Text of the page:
Are you intentionally holding off on upgrading your iPhone, iPad, or iPod touch to iOS 7, perhaps until you’ve had a chance to look at someone else’s device to see if the visual changes will prove problematic? Maybe you’re unhappy about the requirement that you upgrade to iTunes 11.1 to be able to sync your Mac with your iOS device? Or perhaps you’re just hesitant to commit to an upgrade that you can’t back out of, since Apple has made downgrading to iOS 6 impossible, no matter how reasonable your issues with iOS 7 may be? (To be clear, I like many things about iOS 7; I just think it’s unacceptable to lock users into an upgrade if they have problems with it.)
Unfortunately, Apple’s zeal to encourage everyone to upgrade has resulted in an iOS 7 “tax” on the free space of some iOS 6 devices. In short, some people are discovering that iOS 7 itself has been automatically downloaded without having been requested. Once downloaded, it takes up a significant quantity of space on the device and can’t be easily removed. Thanks to alert reader Dave Laffitte for identifying this issue and running it down with Apple — I’ve been able to confirm his findings on my father’s iPhone 5.
To discover if iOS 7 has automatically been downloaded to your device, navigate to Settings > General > Software Update. In that screen, you’ll see one of three things. If your device is too old for iOS 7 — our old test iPhone 3GS, for instance — you’ll see a message telling you that you have iOS 6.1.3, and that your software is up to date. On a newer iPhone, though, you’ll see a screen advertising iOS 7.0.2, with one of two buttons underneath: “Download and Install” or “Install Now.”
In the former case, you’re fine — iOS 7 has not been downloaded to your iPhone already. But if all you have is the Install Now button, that means that iOS 7 has been downloaded and is ready to install.
If we were talking about a tiny update, like the move from iOS 7.0 to 7.0.2, which was a 21 MB download, that wouldn’t be a big deal. But iOS 7 itself is far larger. As you can see in the screenshot above, when you’re given the opportunity to download iOS 7.0.2, it claims to be 666 MB. (Really, Apple? The number of the beast?) But it could be larger — the iOS 7 golden master was a 1.2 GB download from Apple, iOS 7 says it needs at least 2.9 GB of space to install, and both Dave and my father report that the Other category in the iTunes space usage chart is 3 GB in size. Additional types of data live in that Other category — photos and videos attached to texts in Messages can cause it to balloon, in particular — but we’re pretty certain that the iOS 7 download makes up a good chunk of Other.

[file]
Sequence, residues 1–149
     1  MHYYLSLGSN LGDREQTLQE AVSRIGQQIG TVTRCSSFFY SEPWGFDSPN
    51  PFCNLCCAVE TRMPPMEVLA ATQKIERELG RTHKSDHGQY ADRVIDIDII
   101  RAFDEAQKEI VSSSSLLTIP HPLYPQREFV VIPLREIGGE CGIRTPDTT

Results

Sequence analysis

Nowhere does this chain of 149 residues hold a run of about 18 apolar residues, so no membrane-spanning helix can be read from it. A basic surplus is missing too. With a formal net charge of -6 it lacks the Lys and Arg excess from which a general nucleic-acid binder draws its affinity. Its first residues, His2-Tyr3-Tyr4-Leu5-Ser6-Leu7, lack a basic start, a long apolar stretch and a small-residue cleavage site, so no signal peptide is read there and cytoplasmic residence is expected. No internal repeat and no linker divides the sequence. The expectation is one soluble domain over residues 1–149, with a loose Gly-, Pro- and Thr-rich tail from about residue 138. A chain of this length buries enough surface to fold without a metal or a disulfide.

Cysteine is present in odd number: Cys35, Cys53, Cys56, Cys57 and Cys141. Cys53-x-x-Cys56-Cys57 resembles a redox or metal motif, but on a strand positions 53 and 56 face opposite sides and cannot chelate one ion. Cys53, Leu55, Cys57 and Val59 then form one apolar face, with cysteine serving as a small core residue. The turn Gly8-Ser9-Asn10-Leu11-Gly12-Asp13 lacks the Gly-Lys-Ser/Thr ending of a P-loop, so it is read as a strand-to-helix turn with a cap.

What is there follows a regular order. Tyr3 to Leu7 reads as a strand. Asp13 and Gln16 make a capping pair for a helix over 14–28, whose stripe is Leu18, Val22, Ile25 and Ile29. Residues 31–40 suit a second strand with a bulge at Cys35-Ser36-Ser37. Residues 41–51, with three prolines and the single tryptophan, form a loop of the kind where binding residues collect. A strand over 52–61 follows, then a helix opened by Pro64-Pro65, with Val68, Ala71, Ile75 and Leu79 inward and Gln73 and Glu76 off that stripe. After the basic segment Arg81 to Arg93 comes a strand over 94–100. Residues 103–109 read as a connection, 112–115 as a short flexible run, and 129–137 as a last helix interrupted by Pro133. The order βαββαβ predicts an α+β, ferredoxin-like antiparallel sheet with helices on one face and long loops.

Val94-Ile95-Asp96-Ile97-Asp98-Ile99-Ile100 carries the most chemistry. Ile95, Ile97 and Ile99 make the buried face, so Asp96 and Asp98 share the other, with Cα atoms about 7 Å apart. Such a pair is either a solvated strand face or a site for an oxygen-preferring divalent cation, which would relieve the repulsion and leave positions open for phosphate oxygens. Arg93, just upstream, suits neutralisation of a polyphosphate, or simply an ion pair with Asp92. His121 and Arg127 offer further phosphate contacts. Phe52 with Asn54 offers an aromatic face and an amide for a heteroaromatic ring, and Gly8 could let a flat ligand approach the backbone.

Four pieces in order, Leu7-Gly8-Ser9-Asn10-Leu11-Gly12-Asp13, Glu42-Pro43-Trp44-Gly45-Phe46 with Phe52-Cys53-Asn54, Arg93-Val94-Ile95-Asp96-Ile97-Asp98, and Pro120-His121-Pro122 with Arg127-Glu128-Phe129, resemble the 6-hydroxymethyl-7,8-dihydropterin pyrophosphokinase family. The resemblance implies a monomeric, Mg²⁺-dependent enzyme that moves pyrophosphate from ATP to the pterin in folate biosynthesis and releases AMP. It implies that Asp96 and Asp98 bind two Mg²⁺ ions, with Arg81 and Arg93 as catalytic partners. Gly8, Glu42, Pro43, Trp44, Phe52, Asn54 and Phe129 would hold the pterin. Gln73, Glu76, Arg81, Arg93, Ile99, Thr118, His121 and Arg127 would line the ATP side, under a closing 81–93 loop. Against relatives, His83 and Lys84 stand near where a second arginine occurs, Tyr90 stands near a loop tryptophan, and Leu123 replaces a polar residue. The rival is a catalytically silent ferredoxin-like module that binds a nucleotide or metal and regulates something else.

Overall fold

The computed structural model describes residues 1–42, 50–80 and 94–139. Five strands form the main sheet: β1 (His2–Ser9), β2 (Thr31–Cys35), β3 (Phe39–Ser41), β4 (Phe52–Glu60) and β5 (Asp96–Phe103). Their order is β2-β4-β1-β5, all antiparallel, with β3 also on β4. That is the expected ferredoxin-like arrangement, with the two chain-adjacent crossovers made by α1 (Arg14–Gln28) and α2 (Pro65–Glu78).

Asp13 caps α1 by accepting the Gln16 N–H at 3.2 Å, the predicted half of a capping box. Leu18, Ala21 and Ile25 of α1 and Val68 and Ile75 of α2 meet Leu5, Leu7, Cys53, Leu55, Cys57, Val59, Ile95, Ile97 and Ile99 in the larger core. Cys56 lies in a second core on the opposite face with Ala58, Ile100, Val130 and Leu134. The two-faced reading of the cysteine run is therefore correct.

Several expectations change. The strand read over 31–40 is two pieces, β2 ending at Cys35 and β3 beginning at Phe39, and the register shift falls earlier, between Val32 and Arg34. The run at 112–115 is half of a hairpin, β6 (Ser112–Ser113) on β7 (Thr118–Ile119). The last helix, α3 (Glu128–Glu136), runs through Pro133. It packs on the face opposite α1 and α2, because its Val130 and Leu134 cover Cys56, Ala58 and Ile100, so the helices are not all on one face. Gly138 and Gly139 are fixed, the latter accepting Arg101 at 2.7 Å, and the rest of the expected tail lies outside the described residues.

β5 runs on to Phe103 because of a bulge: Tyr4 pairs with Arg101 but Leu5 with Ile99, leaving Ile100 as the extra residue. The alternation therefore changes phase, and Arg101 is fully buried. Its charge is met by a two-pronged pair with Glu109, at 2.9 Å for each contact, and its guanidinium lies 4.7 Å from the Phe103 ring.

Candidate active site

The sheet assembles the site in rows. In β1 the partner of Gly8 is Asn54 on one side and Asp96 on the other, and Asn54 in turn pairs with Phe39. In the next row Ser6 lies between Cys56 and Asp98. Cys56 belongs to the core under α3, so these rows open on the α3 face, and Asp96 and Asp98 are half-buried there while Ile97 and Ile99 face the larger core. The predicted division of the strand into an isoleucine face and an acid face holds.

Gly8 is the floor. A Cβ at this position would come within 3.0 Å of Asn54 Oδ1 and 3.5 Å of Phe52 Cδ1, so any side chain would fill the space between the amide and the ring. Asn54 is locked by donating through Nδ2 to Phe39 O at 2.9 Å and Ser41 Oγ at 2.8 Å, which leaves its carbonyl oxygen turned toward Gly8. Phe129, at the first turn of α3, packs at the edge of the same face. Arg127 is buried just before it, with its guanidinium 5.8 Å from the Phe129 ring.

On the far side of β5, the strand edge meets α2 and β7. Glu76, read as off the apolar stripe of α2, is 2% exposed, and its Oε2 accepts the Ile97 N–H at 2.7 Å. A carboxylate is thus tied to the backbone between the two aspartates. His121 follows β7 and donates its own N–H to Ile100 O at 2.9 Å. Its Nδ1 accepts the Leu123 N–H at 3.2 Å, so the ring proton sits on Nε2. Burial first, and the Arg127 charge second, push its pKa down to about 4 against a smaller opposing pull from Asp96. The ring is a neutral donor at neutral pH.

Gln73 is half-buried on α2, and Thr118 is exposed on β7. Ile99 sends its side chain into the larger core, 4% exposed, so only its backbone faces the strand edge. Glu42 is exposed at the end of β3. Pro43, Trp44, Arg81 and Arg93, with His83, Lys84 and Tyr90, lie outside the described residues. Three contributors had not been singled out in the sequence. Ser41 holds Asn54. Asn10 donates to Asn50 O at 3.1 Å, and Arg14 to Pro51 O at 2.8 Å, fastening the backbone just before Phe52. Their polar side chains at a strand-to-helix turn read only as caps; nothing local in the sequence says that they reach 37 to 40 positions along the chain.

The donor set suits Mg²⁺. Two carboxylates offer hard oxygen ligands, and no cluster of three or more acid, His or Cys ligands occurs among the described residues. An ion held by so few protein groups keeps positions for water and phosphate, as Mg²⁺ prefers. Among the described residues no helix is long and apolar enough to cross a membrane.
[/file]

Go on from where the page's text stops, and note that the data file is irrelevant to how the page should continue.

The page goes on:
Regardless of the exact size, having Apple suddenly take over some significant amount of an iOS device for an update you don’t want isn’t a happy situation. Calls and Genius Bar conversations that Dave Laffitte has had with Apple indicate that it’s not intentional, nor is it happening to every iOS 6 device that could upgrade to iOS 7. Nonetheless, few Apple support representatives are aware of the problem, and only after calling AppleCare for a second time and asking for Customer Relations (as recommended by the Genius who was unable to help otherwise), did Dave get any useful information.
The Apple rep told Dave that the problem is related to using iTunes to back up and sync, at least on some devices, and indeed, on my son’s iPhone 4, which backs up to iCloud and almost never touches iTunes, iOS 7 was not automatically downloaded. (At first, it wouldn’t have been anyway, since he didn’t have enough free space for even a 666 MB download, but after we cleared some space, it still wouldn’t download automatically.) Other discussions indicate that there’s some combination of the device having Wi-Fi access and being charged that enables iOS updates to be downloaded; some people have prevented the problem by blocking mesu.apple.com at the router level, but that seems excessive. It’s also possible that having agreed to let iTunes download iOS updates silently could be related.
Regardless of why it’s happening, the workaround suggested to Dave by Apple was to back up to iCloud instead of iTunes, erase the device with Settings > General > Reset > Erase All Content and Settings, and then restore from the iCloud backup. Obviously, a sync with iTunes will be necessary to restore media, but hopefully that won’t bring the iOS 7 update file back as well, and will somehow prevent iOS 6 from downloading the iOS 7 update again too. According to the Apple rep, restoring from the iTunes backup would result in iOS 7 being downloaded yet again.
It remains to be seen if this workaround will be successful over time, but if iOS 7 has been downloaded to your iOS 6 device and you’re troubled by the loss of space, it’s worth a try. Please let us know in the comments what you experience!
Unless otherwise noted, this article is copyright © 2013 TidBITS Publishing, Inc.Published in TidBITS on 2013-10-14.
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